When you hear the phrase ‘alternative housing’, what do you think of? Energy efficient? Solar? Water catchment? Green building and energy saving properties should be mainstream, but what else constitutes ‘alternative’? Out-of-the-box thinkers, rebels, recyclers, frugalistas and those who want to be debt-free get creative when it comes to their abodes.
Shipping pallets are probably one of the most diverse building materials. They are plentiful and most often made of oak, a desirable hardwood. Pallets have been upcycled into garden beds and planters, flooring, furniture, chicken coops, fences, barns and even shelter.
Pallets are everywhere! They pile up behind hardware stores, nurseries, plumbing companies and big box stores. They are usually free for the taking, making them economical as well as durable. Recycling them instead of letting them go to the landfill will send good karma your way and reduce your carbon footprint!
Experimental pallet homes are small, making the pallet a good building material for tiny homes and tiny home communities. Home offices, studios and temporary disaster housing are also good candidates for pallet building.
Design is based on the width of the pallets. They can be propped up on end on a frame to a desired height, and more laid flat for a roof and even a deck. Pallets can be dismantled to be used as siding and flooring, and the inside of each pallet can be insulated and hold wiring and plumbing. It can be as fancy or simple as need be.
I-Beam Architecture has designed a pallet home community for refugees. This is a worthy way of recycling pallets, and I’d like to see more of that at home.
A friend of mine bought some land outside of town. In hindsight, he realized that his daily commute would use a lot of gas and not be very environmentally friendly. We joked about him building a home completely out of recycled materials to offset his fuel usage. Is that doable? It takes some ingenuity and patience, but you (and he!) can salvage what you need over time.
A good first stop is the Habitat for Humanity ReStore. Over the last couple of years, I have seen enough decent building materials to make me want to design and build another house. Wooden arched windows, oak flooring planks, tiles, pedestal bathroom sinks, and brand new appliances have inspired this builder! I live in a small community, and our ReStore is a valuable resource. I have heard more urban ReStores have larger selections and high quality stock.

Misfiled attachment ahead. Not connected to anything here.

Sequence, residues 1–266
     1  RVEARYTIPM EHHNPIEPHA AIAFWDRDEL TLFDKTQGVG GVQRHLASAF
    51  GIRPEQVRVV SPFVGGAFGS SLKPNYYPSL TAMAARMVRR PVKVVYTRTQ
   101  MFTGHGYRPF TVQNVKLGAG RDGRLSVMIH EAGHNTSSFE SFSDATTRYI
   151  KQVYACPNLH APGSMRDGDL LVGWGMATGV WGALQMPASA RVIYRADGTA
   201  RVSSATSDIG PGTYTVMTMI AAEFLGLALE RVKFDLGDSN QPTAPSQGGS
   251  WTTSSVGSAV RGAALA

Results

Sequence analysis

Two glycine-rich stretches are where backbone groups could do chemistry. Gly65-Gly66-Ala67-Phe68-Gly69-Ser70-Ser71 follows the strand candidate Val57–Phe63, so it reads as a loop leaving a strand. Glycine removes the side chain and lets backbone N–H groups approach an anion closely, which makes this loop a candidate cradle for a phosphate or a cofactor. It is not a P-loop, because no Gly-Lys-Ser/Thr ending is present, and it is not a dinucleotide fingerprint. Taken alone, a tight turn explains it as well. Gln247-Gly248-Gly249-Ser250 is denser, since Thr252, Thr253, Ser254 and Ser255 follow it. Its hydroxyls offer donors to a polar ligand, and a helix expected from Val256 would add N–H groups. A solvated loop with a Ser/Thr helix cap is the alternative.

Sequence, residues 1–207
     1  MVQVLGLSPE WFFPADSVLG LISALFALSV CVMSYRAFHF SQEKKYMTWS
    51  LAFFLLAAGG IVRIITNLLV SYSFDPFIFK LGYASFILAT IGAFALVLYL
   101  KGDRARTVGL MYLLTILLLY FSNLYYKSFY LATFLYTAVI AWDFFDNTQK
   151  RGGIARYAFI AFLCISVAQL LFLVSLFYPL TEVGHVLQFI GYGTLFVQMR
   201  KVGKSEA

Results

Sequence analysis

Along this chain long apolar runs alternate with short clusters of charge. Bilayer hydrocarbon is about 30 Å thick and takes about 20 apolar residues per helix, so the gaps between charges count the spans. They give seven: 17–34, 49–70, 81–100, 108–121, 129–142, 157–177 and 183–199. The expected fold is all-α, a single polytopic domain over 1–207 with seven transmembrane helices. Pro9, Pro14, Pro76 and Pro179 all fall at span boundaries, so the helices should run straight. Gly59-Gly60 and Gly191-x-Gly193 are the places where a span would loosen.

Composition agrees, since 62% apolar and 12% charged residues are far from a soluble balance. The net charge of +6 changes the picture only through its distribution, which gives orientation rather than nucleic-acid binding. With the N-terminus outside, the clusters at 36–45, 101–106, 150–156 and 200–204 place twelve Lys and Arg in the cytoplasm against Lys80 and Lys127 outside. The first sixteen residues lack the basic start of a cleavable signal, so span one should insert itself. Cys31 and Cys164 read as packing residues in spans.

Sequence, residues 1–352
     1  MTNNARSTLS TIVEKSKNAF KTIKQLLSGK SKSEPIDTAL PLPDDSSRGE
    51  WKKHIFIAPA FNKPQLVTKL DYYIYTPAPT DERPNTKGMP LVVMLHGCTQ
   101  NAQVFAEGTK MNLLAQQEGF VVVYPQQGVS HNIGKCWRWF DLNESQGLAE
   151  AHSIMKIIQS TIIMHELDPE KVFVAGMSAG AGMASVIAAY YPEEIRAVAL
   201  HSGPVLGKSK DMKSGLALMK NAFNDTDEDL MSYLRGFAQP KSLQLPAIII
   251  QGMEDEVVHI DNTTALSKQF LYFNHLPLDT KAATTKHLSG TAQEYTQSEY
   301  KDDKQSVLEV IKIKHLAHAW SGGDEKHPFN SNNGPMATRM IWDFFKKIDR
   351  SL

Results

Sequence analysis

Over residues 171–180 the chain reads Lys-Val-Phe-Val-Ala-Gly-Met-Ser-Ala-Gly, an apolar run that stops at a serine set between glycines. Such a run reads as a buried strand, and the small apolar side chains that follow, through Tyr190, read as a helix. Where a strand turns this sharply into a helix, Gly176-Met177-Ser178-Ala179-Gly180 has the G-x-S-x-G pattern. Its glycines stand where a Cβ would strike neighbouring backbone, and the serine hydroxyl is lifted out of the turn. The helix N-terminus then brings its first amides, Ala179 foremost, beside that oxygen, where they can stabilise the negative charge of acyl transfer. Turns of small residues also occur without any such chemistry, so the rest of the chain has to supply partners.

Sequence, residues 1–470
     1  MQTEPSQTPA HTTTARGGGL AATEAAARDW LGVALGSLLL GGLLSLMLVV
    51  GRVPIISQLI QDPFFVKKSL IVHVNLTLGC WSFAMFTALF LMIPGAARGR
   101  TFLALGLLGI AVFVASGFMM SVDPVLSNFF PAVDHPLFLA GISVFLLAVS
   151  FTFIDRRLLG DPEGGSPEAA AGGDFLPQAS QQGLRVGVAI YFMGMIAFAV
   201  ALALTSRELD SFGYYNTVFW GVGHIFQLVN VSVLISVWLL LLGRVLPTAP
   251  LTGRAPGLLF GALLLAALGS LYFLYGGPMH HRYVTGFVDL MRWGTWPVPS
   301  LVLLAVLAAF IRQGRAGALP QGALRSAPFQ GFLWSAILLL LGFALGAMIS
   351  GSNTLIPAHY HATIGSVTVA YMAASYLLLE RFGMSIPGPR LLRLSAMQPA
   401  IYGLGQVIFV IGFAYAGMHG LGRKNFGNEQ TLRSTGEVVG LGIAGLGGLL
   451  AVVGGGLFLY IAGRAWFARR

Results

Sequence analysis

There are also architectural salvage companies that buy overstocked lots and materials from demolitions. You can find trims, stairs, cabinets, lighting and plumbing fixtures, lumber and hardware. Much of this is vintage and unique, too! If you’re creative and flexible, your home can be a recycling showcase.
The yurt has been used by nomads in Central Asia for centuries. They moved their herds of sheep, goats and yak to seasonal grazing, and they needed portable housing that the animals could carry. A traditional yurt has a lightweight lattice type wall that unfurls to be set up in a circle. Rafters lead upward to a central ring. Felted covers of wool from their animals covered the structure. More were added in the harsh winters, and in summer, they could be partially removed for air circulation.
Today the yurt is still an effective and eco-friendly home. It can be portable or permanent, and a foundation built to accommodate the choice. The walls and floor can be insulated and windows added for year round living. Yurts make good studios and second homes, too. I have seen them used as huts on hiking trails, and they make great temporary housing after a natural disaster.
Light on the environment
People interested in alternative housing want to lead simple lives easy on the environment, and these ideas will appeal to them. Recycling, upcycling, small spaces, portability, and less construction save landfill space, conserve natural resources and reduce CO2 emissions. If you’re not afraid of a creative challenge, try reducing your carbon footprint this way!